- An implant is most similar to a natural tooth.
- Adjacent teeth do not have to be involved in the placement procedure
- Implants may help decrease shrinkage of the jaw bone from tooth loss.
- Implants are not intended for everyone
- Implant placement takes longer and may require more dental visits
- Look, feel and function like natural teeth
- No need to remove from mouth for cleaning
- Affects adjoining teeth
When a patient has lost a tooth that is between two other teeth, it is important to also evaluate the adjacent teeth. If the adjacent teeth are heavily restored with crowns or larger fillings, a bridge might be the better option. “But if the adjacent teeth are healthy, an implant is generally the best option,” says Dr. Cherukuri.
If you, or someone you love, is considering how to replace a missing tooth ask your dentist which is the best option for you.
Tuesday, February 12, 2013
Friday, February 8, 2013
What to do with Uneven Gums?
Have you ever considered having a Periodontal-Cosmetic makeover?
“You can have the most beautiful looking teeth, but without the right gumline to showcase them well, your smile will fall short of ideal,” says Dr. Vijaya Cherukuri from her Chino, California Cosmetic Dental Practice. “If your gums lie too low or too high on your teeth, you may be a candidate for a Periodontal-Cosmetic makeover.”
Gums that appear too high or too low, over and under contoured can be caused by genetics, arrangement of teeth, crowding, the result of medications that result in gingival hyperplasia or even some blood disorders.. The good news is that the cosmetic procedure can easily give you the smile you desire. http://www.webmd.com/oral-health/guide/gum-contouring-procedure)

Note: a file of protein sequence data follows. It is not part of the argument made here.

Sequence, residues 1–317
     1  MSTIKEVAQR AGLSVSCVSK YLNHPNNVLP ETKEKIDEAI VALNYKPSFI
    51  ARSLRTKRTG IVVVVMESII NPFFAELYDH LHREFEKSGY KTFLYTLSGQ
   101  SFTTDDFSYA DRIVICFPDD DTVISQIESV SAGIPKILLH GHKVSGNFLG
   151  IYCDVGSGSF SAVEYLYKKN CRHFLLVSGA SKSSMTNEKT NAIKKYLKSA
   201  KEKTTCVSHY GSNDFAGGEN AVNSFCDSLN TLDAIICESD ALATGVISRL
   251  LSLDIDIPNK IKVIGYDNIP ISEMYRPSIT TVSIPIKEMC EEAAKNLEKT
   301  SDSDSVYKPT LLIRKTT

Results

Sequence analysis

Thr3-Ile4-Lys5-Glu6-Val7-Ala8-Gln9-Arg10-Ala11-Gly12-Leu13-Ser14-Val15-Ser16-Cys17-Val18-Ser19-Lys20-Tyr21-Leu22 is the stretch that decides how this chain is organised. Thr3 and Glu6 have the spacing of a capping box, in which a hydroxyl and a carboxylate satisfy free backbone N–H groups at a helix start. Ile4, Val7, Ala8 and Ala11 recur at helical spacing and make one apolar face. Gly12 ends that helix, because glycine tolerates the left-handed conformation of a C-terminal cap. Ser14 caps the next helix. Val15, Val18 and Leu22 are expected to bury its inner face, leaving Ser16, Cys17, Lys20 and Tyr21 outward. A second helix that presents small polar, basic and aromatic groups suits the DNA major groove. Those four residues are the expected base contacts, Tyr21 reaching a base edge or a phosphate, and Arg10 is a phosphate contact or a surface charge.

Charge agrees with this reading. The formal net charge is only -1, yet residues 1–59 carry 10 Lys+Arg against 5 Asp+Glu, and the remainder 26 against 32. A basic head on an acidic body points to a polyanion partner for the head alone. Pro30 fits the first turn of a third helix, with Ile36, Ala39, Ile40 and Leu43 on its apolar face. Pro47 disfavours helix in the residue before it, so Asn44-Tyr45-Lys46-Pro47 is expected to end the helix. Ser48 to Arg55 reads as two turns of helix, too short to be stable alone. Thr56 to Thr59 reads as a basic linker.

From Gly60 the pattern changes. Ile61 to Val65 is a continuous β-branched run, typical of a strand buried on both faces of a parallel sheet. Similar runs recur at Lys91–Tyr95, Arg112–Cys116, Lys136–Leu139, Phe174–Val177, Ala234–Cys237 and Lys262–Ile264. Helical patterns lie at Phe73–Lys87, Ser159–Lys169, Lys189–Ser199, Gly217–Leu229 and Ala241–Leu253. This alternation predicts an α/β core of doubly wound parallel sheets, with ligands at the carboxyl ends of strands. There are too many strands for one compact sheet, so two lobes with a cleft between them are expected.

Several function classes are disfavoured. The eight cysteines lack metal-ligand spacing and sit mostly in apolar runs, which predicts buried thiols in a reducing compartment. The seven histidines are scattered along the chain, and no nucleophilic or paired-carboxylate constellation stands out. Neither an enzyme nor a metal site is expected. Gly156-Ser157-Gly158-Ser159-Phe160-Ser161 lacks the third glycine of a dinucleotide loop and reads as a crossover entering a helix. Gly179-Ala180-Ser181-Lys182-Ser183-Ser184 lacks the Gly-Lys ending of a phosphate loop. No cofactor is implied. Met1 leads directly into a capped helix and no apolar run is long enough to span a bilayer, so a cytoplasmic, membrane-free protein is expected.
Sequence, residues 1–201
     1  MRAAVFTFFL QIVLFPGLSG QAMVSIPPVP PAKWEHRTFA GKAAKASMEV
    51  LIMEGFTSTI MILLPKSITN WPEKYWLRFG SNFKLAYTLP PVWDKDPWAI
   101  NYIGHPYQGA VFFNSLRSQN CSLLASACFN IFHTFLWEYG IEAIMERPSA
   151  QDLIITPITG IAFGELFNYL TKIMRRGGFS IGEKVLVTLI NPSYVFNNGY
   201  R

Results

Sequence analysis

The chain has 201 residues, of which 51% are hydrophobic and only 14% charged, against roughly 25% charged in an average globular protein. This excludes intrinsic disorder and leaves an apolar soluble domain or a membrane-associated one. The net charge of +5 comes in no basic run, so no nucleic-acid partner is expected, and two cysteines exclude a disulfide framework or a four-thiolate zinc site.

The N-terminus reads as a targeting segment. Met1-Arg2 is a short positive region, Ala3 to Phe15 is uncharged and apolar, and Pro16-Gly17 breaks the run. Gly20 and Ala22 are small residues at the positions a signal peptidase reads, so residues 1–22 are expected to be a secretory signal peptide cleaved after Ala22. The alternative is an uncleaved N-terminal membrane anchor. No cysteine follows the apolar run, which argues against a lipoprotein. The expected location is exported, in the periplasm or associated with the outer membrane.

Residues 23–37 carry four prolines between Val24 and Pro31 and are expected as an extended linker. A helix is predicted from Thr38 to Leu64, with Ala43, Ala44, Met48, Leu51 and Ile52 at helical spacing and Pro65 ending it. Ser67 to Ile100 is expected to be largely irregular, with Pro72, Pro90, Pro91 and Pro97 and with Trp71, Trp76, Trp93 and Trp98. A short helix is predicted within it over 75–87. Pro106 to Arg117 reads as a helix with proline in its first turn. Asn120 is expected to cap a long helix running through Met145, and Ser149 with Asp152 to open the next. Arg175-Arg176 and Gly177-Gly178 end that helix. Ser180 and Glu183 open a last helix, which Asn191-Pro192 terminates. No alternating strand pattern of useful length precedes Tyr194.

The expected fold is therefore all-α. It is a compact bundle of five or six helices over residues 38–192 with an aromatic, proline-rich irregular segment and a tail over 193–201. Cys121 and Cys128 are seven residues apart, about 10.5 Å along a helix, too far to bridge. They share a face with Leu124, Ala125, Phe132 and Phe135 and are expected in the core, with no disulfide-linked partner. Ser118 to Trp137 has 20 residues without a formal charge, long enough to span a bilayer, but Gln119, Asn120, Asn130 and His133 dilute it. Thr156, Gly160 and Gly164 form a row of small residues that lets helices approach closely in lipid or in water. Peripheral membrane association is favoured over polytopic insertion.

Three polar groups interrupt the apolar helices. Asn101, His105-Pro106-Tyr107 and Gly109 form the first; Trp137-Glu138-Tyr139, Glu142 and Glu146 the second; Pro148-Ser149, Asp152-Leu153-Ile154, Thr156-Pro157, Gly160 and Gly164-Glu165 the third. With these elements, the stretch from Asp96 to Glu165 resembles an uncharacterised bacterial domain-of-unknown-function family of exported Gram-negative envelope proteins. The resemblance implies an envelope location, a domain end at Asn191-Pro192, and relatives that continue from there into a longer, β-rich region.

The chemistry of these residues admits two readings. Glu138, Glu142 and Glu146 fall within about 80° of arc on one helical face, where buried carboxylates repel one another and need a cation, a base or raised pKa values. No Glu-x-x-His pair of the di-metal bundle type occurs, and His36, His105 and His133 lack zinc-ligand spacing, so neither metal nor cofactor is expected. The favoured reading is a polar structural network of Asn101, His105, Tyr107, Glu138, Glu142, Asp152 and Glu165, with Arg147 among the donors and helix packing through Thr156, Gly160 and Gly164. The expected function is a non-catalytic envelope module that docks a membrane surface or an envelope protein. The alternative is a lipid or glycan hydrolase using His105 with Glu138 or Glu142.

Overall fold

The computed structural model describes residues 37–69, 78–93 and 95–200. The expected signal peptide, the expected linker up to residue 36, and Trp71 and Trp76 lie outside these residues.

In the dental office of Dr. Cherukuri, many times a laser is used to perform this type of procedure. “I have found that patients appreciate the use of lasers in the dental office. It is painless, simple to use with almost no bleeding. We have introduced them to our patients for periodontal treatment, cold sore and fever blister relief and also to improve the cosmetic contouring of gum tissue.”
If you think you would like more information on any of these procedures, please contact us. We are more than happy to help .www.chinosmiles.com
Tuesday, February 5, 2013
Friday, February 1, 2013
Periodontal Disease and Tooth Loss. What's the big deal?
When teeth are lost, it can be devastating. Having a natural looking smile is a sign of good health. Losing teeth to periodontal problems challenges that.
“When teeth are lost to Periodontal disease it affects a patient’s appearance, speech, ability to chew, self-esteem and overall health,” says Dr. Vijaya Cherukuri from her Chino, California Cosmetic Dental Practice.
“But there are ways to help patients keep a healthy smile.”
“When tooth loss occurs it doesn’t have to affect your self-esteem and general health,” continues Dr. Cherukuri.www.chinosmiles.com
Dental implants are generally made of titanium, so they are well tolerated by patients. The surgical placement of the implant is an in-office procedure, done with a local anesthetic. “Patients are surprised at the ease of the procedure,” say Dr. Cherukuri. “After the surgical placement there is a waiting period for the implant to integrate to the bone and then a natural looking crown, bridge or denture will be placed to give the patient their smile back.”
Tooth loss doesn’t have to affect your health and appearance. If you are missing a tooth or teeth, give us a call and learn how we can help.